July 27, 2017

Visiting Mammoth Hot Springs in Yellowstone National Park

Mammoth Hot Springs in Yellowstone National Park, Copyright Montana Vacation Blog 2012

Mammoth Hot Springs is a beautiful set of hot springs that tower down a terraced hill made of travertine.

Located just south of Gardiner, Montana, not far inside the Yellowstone National Park North Entrance, is the tiny town of Mammoth Hot Springs.  It is a wonderful place to visit during the summer, but it is also open during the winter.  I have never seen Mammoth Hot Springs during the winter, only in the spring and summer.

North Entrance to Yellowstone National Park, near Gardiner, Montana, Copyright Montana Vacation Blog 2012

North Entrance to Yellowstone National Park, near Gardiner, Montana, Copyright Montana Vacation Blog 2012

I recommend Mammoth Hot Springs as an excellent viewing area for elk.  The small town is full of elk.  This is also a good spot to see buffalo.

You will find elk sunning themselves across the green lawns, and wandering around eating the grass.  I have seen a lot of elk in my life, and every time I see one, I am always in awe of how large they truly are.  As always, do NOT get too close to these animals.  And never try to feed a wild animal.  While they may live in a national park, they still fend for themselves, and might not appreciate a human getting too close.

Elk in Mammoth Hot Springs, Yellowstone National Park, Copyright Montana Vacation Blog 2012

Elk in Mammoth Hot Springs, Yellowstone National Park, Copyright Montana Vacation Blog 2012

Elk in Mammoth Hot Springs, Yellowstone National Park, Copyright Montana Vacation Blog 2012

Elk in Mammoth Hot Springs, Yellowstone National Park, Copyright Montana Vacation Blog 2012

Limestone and hot water are two of the main things that create the terraces you will see at Mammoth Hot Springs.

Alex Neill at Mammoth Hot Springs, Yellowstone National Park, Copyright Montana Vacation Blog 2012

Alex Neill at Mammoth Hot Springs, Yellowstone National Park, Copyright Montana Vacation Blog 2012

 

Liberty Cap, Mammoth Hot Springs, Yellowstone National Park, Copyright Montana Vacation Blog 2012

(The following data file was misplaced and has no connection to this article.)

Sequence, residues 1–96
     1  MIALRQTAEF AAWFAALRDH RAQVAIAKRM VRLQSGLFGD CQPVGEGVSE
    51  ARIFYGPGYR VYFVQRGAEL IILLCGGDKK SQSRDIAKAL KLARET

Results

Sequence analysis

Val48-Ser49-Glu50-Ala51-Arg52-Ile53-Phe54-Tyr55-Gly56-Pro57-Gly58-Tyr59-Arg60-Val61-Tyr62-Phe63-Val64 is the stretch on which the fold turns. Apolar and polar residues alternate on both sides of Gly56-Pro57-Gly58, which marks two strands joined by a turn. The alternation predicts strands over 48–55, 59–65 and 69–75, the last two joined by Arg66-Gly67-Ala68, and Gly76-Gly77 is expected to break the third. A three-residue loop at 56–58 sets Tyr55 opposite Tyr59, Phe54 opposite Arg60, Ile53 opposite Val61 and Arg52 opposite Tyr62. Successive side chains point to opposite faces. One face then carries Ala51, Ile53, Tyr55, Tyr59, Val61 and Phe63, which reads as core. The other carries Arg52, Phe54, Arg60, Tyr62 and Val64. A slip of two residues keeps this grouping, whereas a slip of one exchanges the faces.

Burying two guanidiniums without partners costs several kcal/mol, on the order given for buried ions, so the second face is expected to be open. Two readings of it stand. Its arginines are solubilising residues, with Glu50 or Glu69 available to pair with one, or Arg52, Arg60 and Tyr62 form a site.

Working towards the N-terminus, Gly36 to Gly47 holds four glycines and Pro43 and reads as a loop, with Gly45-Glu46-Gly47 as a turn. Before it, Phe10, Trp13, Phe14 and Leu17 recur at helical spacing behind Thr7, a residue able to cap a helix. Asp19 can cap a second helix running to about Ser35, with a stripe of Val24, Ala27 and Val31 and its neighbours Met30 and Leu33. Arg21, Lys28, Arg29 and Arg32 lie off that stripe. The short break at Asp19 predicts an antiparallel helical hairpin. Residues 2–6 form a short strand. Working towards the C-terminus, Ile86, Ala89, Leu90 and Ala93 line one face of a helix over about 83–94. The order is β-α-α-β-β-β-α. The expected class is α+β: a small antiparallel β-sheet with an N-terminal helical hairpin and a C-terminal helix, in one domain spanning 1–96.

Liberty Cap, Mammoth Hot Springs, Yellowstone National Park, Copyright Montana Vacation Blog 2012

The Liberty Cap is a 37-foot high hot spring cone formed by a hot spring with great pressure that raised the water this high and caused mineral deposits to build into this formation.  There are also many other terraces to see.

Mammoth Hot Springs, Yellowstone National Park, Copyright Montana Vacation Blog 2012

Mammoth Hot Springs, Yellowstone National Park, Copyright Montana Vacation Blog 2012

Mammoth Hot Springs, Yellowstone National Park, Copyright Montana Vacation Blog 2012

Mammoth Hot Springs, Yellowstone National Park, Copyright Montana Vacation Blog 2012

Mammoth Hot Springs, Yellowstone National Park, Copyright Montana Vacation Blog 2012

Mammoth Hot Springs, Yellowstone National Park, Copyright Montana Vacation Blog 2012

Terraces change quickly, so don’t expect to see exactly what we have in our pictures.  And if you have visited before, it is worth a second stop to see what it looks like now.

Yellowstone National Park has an online site where you can view different terraces and information about each located here: http://mms.nps.gov/yell/features/mammothtour/stopslist.htm

If you are visiting in the winter, you can daily tours of nearby areas as well as guided snowmobile tours.  Click here for information: http://www.yellowstonenationalparklodges.com/mammoth-hot-springs-hotel-1367.html

There is also lodging available at Mammoth Hot Springs Hotel and Cabins, with a variety of choices of choices to suit different budgets.

If you enter Yellowstone National Park through the North Entrance, you can’t miss Mammoth Hot Springs because you will drive right through it.  If you are elsewhere in Yellowstone National Park, Mammoth Hot Springs is worth driving up to see.

Warmest Wishes from Big Sky Country,

Alex M. Neill

Montana Vacation Blog

www.montanavacationblog.com

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